Villains Are Destined to Die
Everything was perfect.
That included my tiny, half-basement studio apartment, which was no bigger than a bathroom in the house I used to live in. Even the fact that I needed to start a part-time job straight away next week to cover my living expenses was great. I’d left that hellhole of a house and was finally free. That alone was more than enough to make me happy. But then…
“I thought I told you to make yourself scarce,” the man said. He was looking at me like I was a cockroach he’d found living under his bed. “You acted like a lunatic at the crown prince’s return celebration, I’m told?”
I was used to the look of hatred on his face—it was like he wanted to trample me out of existence this very instant. I’d gotten plenty of those looks in that house, but it wasn’t something you ever got used to.
“What the hell were you thinking?”
I found his penetrating gaze unsettling, and my lips quivered of their own accord. It was at that moment a white rectangle—like a window on a computer system?—appeared within my vision. The window was filled with text.
1. How should I know?
2. I wasn’t really thinking.
3. (In an ingratiating tone) Well… You see…
What the hell is this? I opened my mouth to say whatever popped into my head, but my throat felt like something was stuck in it, and I couldn’t make a sound. I stood there speechless as the blue-eyed man threatened me.
“You better start talking,” he said. He looked ready to kill me at the slightest provocation. I would die if I didn’t say something quickly, so I instinctively chose the third option.
“Well… You see…”
The words that came out of my mouth were identical to the selection I’d made in the rectangular window.
Huh? What in the world? My mouth hung open. I couldn’t believe what was happening. In fact, I had no idea what was going on at all. I’d opened my eyes to find myself lying on my back in an unfamiliar location. Sinister-looking strangers had suddenly appeared above me, scowls on their faces. My head was still fuzzy, like I wasn’t entirely awake yet.
“Well? You were saying?” pressed the closest man, face set in an intimidating frown. My response hadn’t satisfied him.
More text appeared in the window floating in my vision.
1. I’m sorry. I’ll be more careful.
2. The stupid maid made a mistake.
3. Those lowlifes snubbed me! Me! The only daughter of the House of Eckhart!
I had no time to ponder what exactly was going on. Peering timidly at the man, I quickly made my choice. It was important to keep the conversation going in a situation like this, even if I didn’t really know what it was about. I’d learned that lesson well from experience.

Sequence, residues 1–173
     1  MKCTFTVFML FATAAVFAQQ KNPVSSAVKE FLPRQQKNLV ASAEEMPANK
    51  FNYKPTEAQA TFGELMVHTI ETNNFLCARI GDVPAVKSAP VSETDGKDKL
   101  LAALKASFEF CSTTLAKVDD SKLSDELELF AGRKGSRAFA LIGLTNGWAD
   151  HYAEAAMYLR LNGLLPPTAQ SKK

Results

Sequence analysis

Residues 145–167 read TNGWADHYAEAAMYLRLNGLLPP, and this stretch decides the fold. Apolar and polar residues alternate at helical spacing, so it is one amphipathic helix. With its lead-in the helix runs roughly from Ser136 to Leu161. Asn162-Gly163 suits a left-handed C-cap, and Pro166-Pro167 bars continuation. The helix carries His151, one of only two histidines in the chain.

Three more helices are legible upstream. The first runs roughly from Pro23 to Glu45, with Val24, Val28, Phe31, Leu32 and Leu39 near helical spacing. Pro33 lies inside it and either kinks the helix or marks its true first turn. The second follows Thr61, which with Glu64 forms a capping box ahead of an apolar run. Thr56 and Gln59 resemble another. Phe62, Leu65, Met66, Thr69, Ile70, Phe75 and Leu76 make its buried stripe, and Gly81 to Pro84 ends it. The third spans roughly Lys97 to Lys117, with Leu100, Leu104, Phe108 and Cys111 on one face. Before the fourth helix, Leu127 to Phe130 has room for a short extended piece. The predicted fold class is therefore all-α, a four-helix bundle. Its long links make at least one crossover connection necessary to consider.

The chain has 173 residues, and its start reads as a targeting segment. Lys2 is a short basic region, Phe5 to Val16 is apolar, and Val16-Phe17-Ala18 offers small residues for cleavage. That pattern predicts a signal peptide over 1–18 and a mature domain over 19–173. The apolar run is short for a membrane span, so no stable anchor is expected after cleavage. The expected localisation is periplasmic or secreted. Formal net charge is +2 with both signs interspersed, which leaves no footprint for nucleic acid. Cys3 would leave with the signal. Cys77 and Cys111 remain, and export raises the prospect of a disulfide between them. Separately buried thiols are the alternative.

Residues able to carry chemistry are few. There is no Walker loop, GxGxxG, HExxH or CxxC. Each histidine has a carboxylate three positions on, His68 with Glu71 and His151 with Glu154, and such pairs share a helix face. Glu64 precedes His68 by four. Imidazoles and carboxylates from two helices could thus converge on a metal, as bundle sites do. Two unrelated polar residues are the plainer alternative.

“I’m sorr—” I began to say, picking the first option.
“If an apology solved things, we wouldn’t need to be having this conversation in the first place,” the man said, cutting me off. Maybe my choice hadn’t really mattered. His biting tone made my stomach plummet. I flinched.
“Penelope Eckhart,” he said coldly.
“You are prohibited from using the Eckhart name for the foreseeable future.”
I knew that name and dialogue by heart. My head flew up and I got a better look at the man. I hadn’t been able to study him closely before, flustered as I was. He was standing a slight distance away from the bed. He wasn’t a part of that house, but instead a foreigner I had never seen before.
His eyes were as blue as the sea, his hair black like obsidian. And above his head was a long, thin bar reminiscent of the remaining battery indicator on my phone. There was also text made up of shimmering white letters.
Affection… score? Unless my eyes were playing tricks on me, the words above his head read: “Affection Score.”
“You will attend no balls, nor will you leave your room. During this period, you shall consider what you did wrong and how you will act in the future…”
“What are you looking at?” said the man, a scowl appearing on his emotionless face.
I kept staring at the spot above his head, too distracted to respond.
[Affection Score 0%]
No way… I shook my head, almost without realizing it. This was preposterous. Well and truly impossible.
“So you really are crazy just like they say,” the man said with a disdainful glare, noting my strange reaction. He turned away and walked to the door with hurried steps, like he wanted to escape as quickly as possible. The words “[Affection Score 0%]” grew smaller.
What did I do wrong? I wondered to myself, staring after the man in a daze. Hearing someone scoff, I turned and found the other stranger—a pink-haired man—standing in the shadows next to the door, his arms crossed. He had the same blue eyes as the man who’d just left, but his contained open derision.
[Affection Score -10%]
White letters glowed atop this man’s head as well. And the score was in the negative.
“Stupid b*tch. Serves you right,” said the man, his coarse words belying his pretty face. He turned to leave as well, letting the door slam shut behind him.
I was now alone in the room. I sat there for a while, stupefied. I couldn’t wrap my head around what had happened. After what felt like hours and hours of ruminating, I realized that both men had seemed familiar even though I’d never seen them before.
“You’ve got to be kidding…” I muttered. Apparently, I could talk now that I was alone, the invisible hand gripping my throat gone, but I barely noticed. I couldn’t believe what was happening, it seemed so absurd. “This can’t be real.”
There was no way that the game I’d been playing right before going to sleep was now my reality—and with me as one of the characters, no less.
“I must be dreaming right now.”
That was the only rational answer. But no amount of pulling my own hair or pinching my cheeks seemed to wake me up.
“N-no… no, no, no! This can’t be happening!”
Penelope Eckhart was the villain in the latest and hottest dating sim. She was also the protagonist of its “hard mode” version.